8. *Emerges from hole*
    You, Ms. Sarcastic Elf must now face your DESTINY! The message I carry today may be the most important one you will ever receive in all of your elfy life.
    That is, I tagged you for my NEW blog tag made for all the bookworms out there who are fans of the Hobbit and LOTR.
    So take the ring and forge your fellowship, YOUR DESTINY AWAITS!

    Link to tag:


    1. AHAHAH, THIS IS THE BEST IDEA EVER. Quite possibly the most important message I have ever received in my entire elvish lifespan.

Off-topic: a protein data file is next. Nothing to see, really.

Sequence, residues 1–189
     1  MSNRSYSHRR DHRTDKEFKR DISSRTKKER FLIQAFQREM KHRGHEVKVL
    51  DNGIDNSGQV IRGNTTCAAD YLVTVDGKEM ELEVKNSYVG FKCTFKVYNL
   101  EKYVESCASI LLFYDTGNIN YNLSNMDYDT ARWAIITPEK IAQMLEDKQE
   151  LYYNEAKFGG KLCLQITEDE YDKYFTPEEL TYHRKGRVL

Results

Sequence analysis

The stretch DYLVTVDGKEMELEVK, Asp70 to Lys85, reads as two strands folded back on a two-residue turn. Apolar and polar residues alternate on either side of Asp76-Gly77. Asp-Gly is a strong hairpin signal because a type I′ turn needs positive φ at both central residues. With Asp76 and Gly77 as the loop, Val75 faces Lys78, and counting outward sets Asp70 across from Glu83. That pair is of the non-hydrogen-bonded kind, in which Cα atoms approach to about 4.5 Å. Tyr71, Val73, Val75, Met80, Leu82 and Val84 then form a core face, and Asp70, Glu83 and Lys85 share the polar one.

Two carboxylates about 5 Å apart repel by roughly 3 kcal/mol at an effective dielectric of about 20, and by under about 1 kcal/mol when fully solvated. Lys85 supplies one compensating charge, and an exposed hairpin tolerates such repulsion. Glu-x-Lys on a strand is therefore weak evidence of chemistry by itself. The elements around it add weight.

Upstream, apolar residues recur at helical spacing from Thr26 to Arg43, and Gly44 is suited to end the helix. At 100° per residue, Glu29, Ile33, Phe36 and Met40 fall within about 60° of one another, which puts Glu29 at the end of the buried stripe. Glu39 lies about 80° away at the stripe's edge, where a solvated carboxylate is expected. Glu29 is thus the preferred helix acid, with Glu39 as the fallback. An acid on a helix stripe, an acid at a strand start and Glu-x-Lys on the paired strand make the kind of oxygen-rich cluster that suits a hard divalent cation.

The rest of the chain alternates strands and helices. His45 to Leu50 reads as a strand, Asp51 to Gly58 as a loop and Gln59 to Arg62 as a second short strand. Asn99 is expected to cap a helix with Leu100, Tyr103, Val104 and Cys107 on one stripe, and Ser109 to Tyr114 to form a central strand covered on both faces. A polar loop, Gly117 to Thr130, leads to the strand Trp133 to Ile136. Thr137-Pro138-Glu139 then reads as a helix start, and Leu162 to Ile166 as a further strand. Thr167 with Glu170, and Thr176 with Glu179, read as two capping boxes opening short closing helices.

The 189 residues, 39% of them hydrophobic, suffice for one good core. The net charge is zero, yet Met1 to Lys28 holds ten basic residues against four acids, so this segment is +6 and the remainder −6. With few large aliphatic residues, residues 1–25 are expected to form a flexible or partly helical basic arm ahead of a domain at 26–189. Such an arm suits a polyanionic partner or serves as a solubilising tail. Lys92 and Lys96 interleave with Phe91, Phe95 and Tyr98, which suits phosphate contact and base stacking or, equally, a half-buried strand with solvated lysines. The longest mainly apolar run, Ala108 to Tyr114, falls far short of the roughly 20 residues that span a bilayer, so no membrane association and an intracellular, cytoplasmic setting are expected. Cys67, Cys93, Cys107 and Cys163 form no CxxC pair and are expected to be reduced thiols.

*snatches tag thing* I am totally doing this. You are a genius for coming up with it.


  9. *tries to imagine how Sarah originally ended the story* *shudders* I’m rather glad you decided on the happy ending. I think I’ll probably cry the imagery and story in my head the rest of the day; it’s beautiful. 🙂 Thank you!

    Liked by 1 person

  10. I’m sorely late to your Christmas party, but i just read this (along with a few of your other awesome posts), and it’s amazing. ❤ Definitely made me feel things – a sweet and bittersweet mix of sorrow and hope and depth and power. I love sibling stories and redemption stories. And the writing is fabulous. 🙂